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Document Details :
Title: Dharma Transmission Rituals in Sōtō Zen Buddhism
Author(s): LICHA, Stephan Kigensan
Journal: Journal of the International Association of Buddhist Studies
Volume: 39 Date: 2016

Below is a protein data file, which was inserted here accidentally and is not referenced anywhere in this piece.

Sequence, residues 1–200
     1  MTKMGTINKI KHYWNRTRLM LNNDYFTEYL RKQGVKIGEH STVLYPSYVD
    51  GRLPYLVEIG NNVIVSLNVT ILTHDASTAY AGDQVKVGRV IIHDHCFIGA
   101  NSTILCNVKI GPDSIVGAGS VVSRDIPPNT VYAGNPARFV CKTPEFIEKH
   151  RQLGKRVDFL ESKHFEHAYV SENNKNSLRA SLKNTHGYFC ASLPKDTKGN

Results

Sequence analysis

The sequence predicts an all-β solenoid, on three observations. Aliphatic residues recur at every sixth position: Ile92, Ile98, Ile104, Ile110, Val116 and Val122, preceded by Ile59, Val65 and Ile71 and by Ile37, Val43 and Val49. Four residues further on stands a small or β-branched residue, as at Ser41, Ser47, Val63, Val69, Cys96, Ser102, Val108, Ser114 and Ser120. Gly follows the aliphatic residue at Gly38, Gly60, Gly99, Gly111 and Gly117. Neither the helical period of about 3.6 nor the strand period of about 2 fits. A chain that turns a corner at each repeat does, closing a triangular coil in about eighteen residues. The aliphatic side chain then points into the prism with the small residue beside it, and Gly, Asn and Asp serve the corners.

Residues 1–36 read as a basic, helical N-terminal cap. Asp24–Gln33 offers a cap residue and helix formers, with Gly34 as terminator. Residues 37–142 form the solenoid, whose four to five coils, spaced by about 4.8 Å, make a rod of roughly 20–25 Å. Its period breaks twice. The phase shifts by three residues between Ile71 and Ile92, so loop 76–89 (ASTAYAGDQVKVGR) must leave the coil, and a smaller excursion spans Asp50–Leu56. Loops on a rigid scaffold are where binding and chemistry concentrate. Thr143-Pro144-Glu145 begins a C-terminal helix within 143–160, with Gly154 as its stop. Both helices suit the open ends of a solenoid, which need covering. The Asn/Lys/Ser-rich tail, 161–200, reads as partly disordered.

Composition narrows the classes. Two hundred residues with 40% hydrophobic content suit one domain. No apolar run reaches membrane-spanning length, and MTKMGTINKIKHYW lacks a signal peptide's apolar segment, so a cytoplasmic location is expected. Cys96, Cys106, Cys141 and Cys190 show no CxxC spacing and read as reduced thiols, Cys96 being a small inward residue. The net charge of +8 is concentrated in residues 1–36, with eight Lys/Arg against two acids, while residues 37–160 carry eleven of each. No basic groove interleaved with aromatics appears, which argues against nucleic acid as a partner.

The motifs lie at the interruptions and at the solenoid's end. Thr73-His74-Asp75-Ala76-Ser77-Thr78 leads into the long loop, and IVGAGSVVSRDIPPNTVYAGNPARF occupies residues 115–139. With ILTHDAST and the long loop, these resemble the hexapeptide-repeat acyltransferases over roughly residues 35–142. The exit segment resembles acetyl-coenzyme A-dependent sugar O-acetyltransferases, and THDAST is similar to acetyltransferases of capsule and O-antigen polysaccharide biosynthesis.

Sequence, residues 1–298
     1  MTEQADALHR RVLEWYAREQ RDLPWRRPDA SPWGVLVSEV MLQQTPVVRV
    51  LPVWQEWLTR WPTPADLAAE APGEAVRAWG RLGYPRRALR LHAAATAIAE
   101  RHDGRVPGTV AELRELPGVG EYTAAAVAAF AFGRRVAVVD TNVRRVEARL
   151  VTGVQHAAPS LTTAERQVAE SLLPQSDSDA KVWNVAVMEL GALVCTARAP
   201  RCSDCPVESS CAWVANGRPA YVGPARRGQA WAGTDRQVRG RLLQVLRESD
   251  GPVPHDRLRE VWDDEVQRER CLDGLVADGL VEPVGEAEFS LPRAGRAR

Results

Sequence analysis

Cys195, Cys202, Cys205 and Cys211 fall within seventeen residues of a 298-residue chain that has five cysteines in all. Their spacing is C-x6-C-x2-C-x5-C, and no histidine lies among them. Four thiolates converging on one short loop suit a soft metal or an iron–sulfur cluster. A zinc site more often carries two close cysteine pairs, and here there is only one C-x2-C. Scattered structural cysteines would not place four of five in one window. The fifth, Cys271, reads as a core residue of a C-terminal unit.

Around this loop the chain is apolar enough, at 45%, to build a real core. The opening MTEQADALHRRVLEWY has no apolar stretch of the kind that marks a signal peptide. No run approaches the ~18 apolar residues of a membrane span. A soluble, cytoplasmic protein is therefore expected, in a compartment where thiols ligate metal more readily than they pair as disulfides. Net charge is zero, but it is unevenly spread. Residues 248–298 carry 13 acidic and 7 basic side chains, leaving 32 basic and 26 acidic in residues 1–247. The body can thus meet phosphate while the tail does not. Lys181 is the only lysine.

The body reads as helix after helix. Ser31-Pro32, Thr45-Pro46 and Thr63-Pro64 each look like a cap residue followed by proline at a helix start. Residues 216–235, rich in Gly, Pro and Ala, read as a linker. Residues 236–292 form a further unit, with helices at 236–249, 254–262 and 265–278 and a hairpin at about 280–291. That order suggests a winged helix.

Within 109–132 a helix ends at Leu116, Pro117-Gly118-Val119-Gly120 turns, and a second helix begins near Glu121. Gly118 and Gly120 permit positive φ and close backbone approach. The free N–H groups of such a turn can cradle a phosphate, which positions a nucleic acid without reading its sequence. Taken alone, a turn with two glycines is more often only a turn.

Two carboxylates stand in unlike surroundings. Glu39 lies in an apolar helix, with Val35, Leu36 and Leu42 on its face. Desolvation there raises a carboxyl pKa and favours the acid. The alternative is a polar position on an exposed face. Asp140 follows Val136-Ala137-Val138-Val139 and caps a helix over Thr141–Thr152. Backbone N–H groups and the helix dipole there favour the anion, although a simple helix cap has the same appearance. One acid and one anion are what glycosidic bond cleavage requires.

This paper investigates the formation and transformation of Sōtō Zen Dharma transmission rituals (denbō or shihō) from the point of view of Eric Hobsbawm’s notion of 'invented traditions'. It argues that the reformation of transmission rituals was an important tool for re-inventing Sōtō Zen whenever the tradition faced an institutional or ideological crisis. Focusing on the transformation of transmission in the Tokugawa period (1603-1868), the paper makes three points. Firstly, transmission rituals in Sōtō Zen derived from precept initiations. Secondly, Dharma transmission in Tokugawa Sōtō Zen relied on the systematic distinction and complementary usage of precept and Dharma lineages, which developed in response to medieval practices. Finally, the context in which to understand the formation of Sōtō Zen transmission rituals are the oral initiation practices (kuden hōmon) of the Tendai tradition. In order to arrive at these conclusions, the paper first investigates the transmission ritual promoted by the Tokugawa period reformer Manzan Dōhaku (1635-1715). It shows that this ritual relies on a systematization of the separate but complementary transmission of Dharma and precept lineages. It then investigates the origins of this usage, concluding that while Dōgen (1200-1253) did position Dharma transmission in the context of precept initiations, the systematic distinction of Dharma and precept transmission stems from a later period. Finally, the paper clarifies the influence Tendai initiatory practices exerted on the development of Sōtō transmission rituals. The paper concludes that the Tokugawa period transformation of Dharma transmission ritual needs to be understood firstly as a form of crisis management and secondly in the context of a struggle among oral initiation lineages for orthodoxy.